A mysterious radio message is beamed around the world, and among the engineers who receive it are Los and his colleague Spiridonov. Aelita, the daughter of Tuskub, the ruler of a totalitarian state on Mars, watches Los. As if by telepathy, Los obsesses about being watched by her. After some hugger-mugger involving the murder of his wife and a pursuing detective, Los takes the identity of Spiridonov and builds a spaceship. With the revolutionary Gusev, he travels to Mars where they begin a proletarian uprising which Aelita offers to lead. Los is shocked when she establishes her own totalitarian regime instead.
Directed by: Yakov Protazanov
. Starring: Yuliya Solntseva
, Igor Ilyinsky
, Nikolai Tsereteli
, Nikolai Batalov
, Vera Orlova
, Valentina Kuindzhi
, Pavel Pol
, Konstantin Eggert
, Yuri Zavadsky
, Aleksandra Peregonets
, Sofya Levitina
, Varvara Massalitinova
, Mikhail Zharov
Yakov ProtazanovDirected by Yakov Protazanov, who led an interesting life, when interesting lives meant death. Protazanov directed many films from 1911 through 1918, and was acclaimed by many as a genius. Some background in Soviet history helps set the scene for "Aelita." It was in a series of revolts in 1917 that the Tsars were overthrown and replaced by a provisional government. The Tsarist army had suffered setbacks and losses in World War I, and it was not capable of supporting the Tsar. The Tsar was deposed in February of 1917. (Or March. The tsars used the Gregorian calendar, and the soviets used the Julian calendar.)
The October Revolution is usually dated to have occurred on October 25, 1917, a date you will see emblazoned in fire during the screening of "Aelita." The October Revolution overthrew the Russian Provisional Government which was set in place following the February Revolution. (The western world may know the October Revolution as the Bolshevik Revolution.) During the years from about 1918 through 1922, there was continual combat in the country as the White Russian army fought the Bolsheviks for power and control of the country. This is referred to as the Russian Civil War, and it led to the formation of the Soviet Union.
It was during the period of the Russian Civil War that Protazanov was exiled or self-exiled, depending on who tells the tale, in Europe. He was persuaded to return to the new Union of Soviet Socialist Republics in 1923, and he directed "Aelita: Queen of Mars" which is probably the first soviet movie and may be the first soviet science fiction film as well. "Aelita" is a propaganda film, as all good soviet films are. However, it shows us life in the Soviet Union rather starkly, and it recounts life there as a struggle not only to survive but to be good communists as well. I'm somewhat surprised at the reality of life shown: abject poverty, horrible crowding and population dislocation, state control of who lives in your house (even in what rooms), rationing, and the like. I think part of the purpose of "Aelita" is to warn state bureaucrats not to turn to corruption, as a corrupt official is shown being investigated for his crimes.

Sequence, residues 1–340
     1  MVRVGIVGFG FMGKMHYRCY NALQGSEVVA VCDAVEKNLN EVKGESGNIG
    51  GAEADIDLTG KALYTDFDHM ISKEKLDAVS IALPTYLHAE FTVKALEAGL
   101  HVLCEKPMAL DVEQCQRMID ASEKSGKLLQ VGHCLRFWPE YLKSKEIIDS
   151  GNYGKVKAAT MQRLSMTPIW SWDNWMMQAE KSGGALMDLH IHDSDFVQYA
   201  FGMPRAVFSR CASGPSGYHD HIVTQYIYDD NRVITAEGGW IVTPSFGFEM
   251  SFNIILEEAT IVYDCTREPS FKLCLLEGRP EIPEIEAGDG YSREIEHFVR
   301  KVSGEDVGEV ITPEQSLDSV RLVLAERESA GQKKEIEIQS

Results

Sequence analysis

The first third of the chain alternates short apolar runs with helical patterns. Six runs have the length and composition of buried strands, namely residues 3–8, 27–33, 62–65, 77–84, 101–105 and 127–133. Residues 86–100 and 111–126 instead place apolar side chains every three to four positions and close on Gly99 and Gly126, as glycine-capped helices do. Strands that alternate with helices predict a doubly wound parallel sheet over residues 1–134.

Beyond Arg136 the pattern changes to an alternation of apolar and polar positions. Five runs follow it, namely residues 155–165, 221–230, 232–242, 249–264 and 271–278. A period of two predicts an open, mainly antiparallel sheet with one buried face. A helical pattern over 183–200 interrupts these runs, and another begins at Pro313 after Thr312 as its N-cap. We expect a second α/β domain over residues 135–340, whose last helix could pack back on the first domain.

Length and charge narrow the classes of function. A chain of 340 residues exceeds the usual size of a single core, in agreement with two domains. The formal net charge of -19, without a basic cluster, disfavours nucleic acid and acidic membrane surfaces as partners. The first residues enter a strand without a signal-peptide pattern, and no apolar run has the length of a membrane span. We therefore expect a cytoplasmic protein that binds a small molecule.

I would say the foundation of "Aelita" is showing the daily lives of regular people after the Russian Civil War as they try to rebuild the country into the Soviet Union, as seen by Lenin and the Communist Party. One of the regular people is named Los or Loss, depending on the translation of Лось, who is an engineer. Los daydreams of space travel, and his co-workers put up with him good-naturedly. A radio broadcast is received throughout the world with a cryptic message, and Los foolishly believes it's a transmission from Mars. He fantasizes about building a rocket ship and going to Mars, and he fantasizes what Martians are like. Meanwhile, back on earth, his wife works at what is referred to as a check point, processing travelers who are going from nowhere to another nowhere on crowded trains at crowded stations. A party bureaucrat is put into the home where Los and his wife live. The bureaucrat sweet talks Mrs. Los, and the engineer gets jealous.
His fantasies of Mars include fantastic sets and fantastic costumes, with an attractive Queen of Mars who wears a fantasy top which seems to support three breasts. In his fantasy, the queen can see earth and in fact sees him and is intrigued. However, although she reigns, she does not rule, and she is ordered to stop spying on earth. After many, many twists and turns of plot, our hero finally takes off from earth and lands on Mars, where he leads a revolution.
One of the faults of "Aelita" is its many subplots, and they take up a significant amount of time, leading to a movie that nears two hours in length. The Martian fantasies take up a very small portion of the movie, so I'm not willing to call it truly a sci-fi movie, but the alien life is certainly a major plot point. The thrust of "Aelita" is that the soviet life-style is best on earth and off and that we should stop our daydreaming and get some real work done. The Martian segments are metaphorically about life under the tsars with literal throwing off of chains and escape from serfdom.
The propaganda is there, but it's not heavy handed. The movie is too long, too convoluted with subplots, but it remains interesting as a picture of life after the Russian Civil War. Nikolai Tsereteli is Los, Yuliya Solntseva plays the queen of his dreams, and Valentina Kuindzhi plays Natasha Los, his wife in the all too real world of 1924 Soviet Union. As an aside, although the movie took place over the course of a year, the city where the action occurred remained bitterly cold and snow-covered through out the movie. The Martian sets and costumes get some kidding today, so you may find it worthwhile to watch and compare to "Metropolis," "Buck Rogers" (the Buster Crabbe version), and maybe "The Cabinet of Dr.
Review by pontifikator from the Internet Movie Database.